Right now, Python is the prevalent language of AI: a de facto standard for any one who wants to work in data science. From data analysis and visualization to complex deep neural networks, you can do anything with this easy-to-learn, free, open source, understandable, versatile, and library-rich scripting language. The language is not limited to data science use cases. You can also create web and mobile applications and games in python.
One of the most distinguishing features of Python is its vast, supportive community. Which enables you to find answers, guides and resources for every question you might have about this amazing script. In this week’s post, we have gathered a few well-organized, easy-to-use python cheat sheets. You can refer to them whenever you need a quick hint.
If you know basic programming concepts but absolutely no Python; If you’re moving from another programming language, or if you feel the need to google basic constructs and methods all the time, you could use a simple cheat sheet at your hand. Our suggestions here cover everything, from basic data types, lists, dictionaries, tuples,… to functions, exception handling and object oriented programming in python. Download this cheatsheet:
https://ehmatthes.github.io/pcc_2e/cheat_sheets/cheat_sheets/ The all-in-one beginner python cheat sheet from Python Crash Course, 2nd edition. Covering everything Python 3 and some basic libraries
https://overapi.com/python : Covers all basic structures and core built-in libraries you need to start programming in python.
: I don’t think many python programmers would actually forget how to define a function, or instantiate a dictionary. How about catching exceptions or using lambda functions? maybe. A more advanced cheat sheet would be more useful to those of us who are confident in our basic python, but less so when talking about things like concurrency and inheritance.
https://github.com/gto76/python-cheatsheet: The most comprehensive short reference on python you can find in only one web page. You can use it to do nearly anything with python. It covers not only every needed language feature and trick with a code example, but also reviews the basics of many essential libraries you need to make your gui, process audio, or do simple data science. The online version is free, but you need to buy the pdf version of it.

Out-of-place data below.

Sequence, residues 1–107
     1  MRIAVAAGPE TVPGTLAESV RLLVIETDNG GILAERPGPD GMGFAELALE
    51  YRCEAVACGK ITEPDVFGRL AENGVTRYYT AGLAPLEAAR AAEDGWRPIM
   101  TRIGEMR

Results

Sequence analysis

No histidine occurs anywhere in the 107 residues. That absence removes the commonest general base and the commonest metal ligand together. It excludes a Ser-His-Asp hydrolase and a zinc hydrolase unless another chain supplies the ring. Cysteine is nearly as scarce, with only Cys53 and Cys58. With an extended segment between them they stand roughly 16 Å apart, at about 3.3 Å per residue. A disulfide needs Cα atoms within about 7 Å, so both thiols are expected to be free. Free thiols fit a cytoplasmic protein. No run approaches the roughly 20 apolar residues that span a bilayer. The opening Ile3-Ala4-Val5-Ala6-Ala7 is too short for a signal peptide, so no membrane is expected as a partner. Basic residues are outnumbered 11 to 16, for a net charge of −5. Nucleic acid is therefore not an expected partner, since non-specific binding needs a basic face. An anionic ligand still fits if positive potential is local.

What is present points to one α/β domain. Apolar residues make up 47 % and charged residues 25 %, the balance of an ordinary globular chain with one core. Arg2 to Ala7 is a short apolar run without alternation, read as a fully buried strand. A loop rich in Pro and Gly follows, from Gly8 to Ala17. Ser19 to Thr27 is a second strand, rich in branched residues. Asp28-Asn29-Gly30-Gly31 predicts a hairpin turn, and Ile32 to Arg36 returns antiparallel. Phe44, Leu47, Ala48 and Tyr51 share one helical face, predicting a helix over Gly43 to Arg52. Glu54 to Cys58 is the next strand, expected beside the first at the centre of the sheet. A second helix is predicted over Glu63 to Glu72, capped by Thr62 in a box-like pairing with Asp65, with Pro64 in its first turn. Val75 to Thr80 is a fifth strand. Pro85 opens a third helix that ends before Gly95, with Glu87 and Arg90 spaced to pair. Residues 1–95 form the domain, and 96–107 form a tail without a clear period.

https://www.pythonsheets.com/: This website is a very nice resource to refer to is the large collection of code snippets in pysheets, a free, open source project gathering compact, simple, well commented code snippets to demonstrate how to use every feature of the programming language.
https://github.com/dennyzhang/cheatsheet-python-A4 : is shorter than the last two and does not cover core python, or libraries. It is useful to you if you are already an advanced pythonista, and just need to find some geekly tricks and subtle commands to complete your skills.
a. Importing Data: This cheat sheet from data camp covers everything you need to load your data and get your project started.
b. Data Cleaning : A summary of every step you must take in order to get your data cleaned and ready for processing.
4.Data Visualization Libraries:
There is no way someone could overemphasize the importance of how you communicate your work and demonstrate its results. These great cheat sheets help you remember every tool and trick in your hand that you can use to make your points stand out. We have one cheat sheet for each of the most known Python visualization libraries.
Matplotlib: A compact reference to the most used plotting library for Python, used for making line graphs and scatter plots, plot customization, making multiple plots, and analysing time-based data.
Seaborn: A more simple, less syntax-oriented way to do data visualization in Python, with beautiful default plot styling. https://s3.amazonaws.com/assets.datacamp.com/blog_assets/Python_Seaborn_Cheat_Sheet.pdf
Plotly : Plotly is also used for creative data visualization. It is more sophisticated than matplotlib, suitable for elaborate and creative graphs. Including interactive and geographical data visualization. https://images.plot.ly/plotly-documentation/images/python_cheat_sheet.pdf
5.Core Python Data Science Libraries:
It is nowadays -most probably- not easy at all to complete a data science project in Python without using any of these four elemental libraries. Pandas, Numpy, SciPy and Scikit-learn are your tools to process data frames and make Machine learning models quickly without coding each one from scratch. The following cheat sheets contain all the vital points you must find out to make use of this great toolbox.
Numpy : This cheatsheet from the famous DataCamp school contains all the basic array operations you can perform using Numpy with code snippets. https://s3.amazonaws.com/assets.datacamp.com/blog_assets/Numpy_Python_Cheat_Sheet.pdf
Pandas : Here we have a two-page cheat sheet to the most popular data wrangling library from PyData website: https://pandas.pydata.org/Pandas_Cheat_Sheet.pdf
SciPy : The data camp SciPy cheat sheet is both compact and complete. https://s3.amazonaws.com/assets.datacamp.com/blog_assets/Python_SciPy_Cheat_Sheet_Linear_Algebra.pdf
Scikit-learn: We found two best options for this essential machine learning library.
i)This beautiful, clean single page cheat sheet summarizes the SKlearn methods you need just to survive. https://s3.amazonaws.com/assets.datacamp.com/blog_assets/Scikit_Learn_Cheat_Sheet_Python.pdf
ii)An infographic containing the signature and short description of the most important methods for data pre-processing, regression, classification, clustering, dimensionality reduction, model selection, metrics, etc. https://www.analyticsvidhya.com/blog/2016/12/cheatsheet-scikit-learn-caret-package-for-python-r-respectively/?utm_source=linkedin.com&utm_medium=social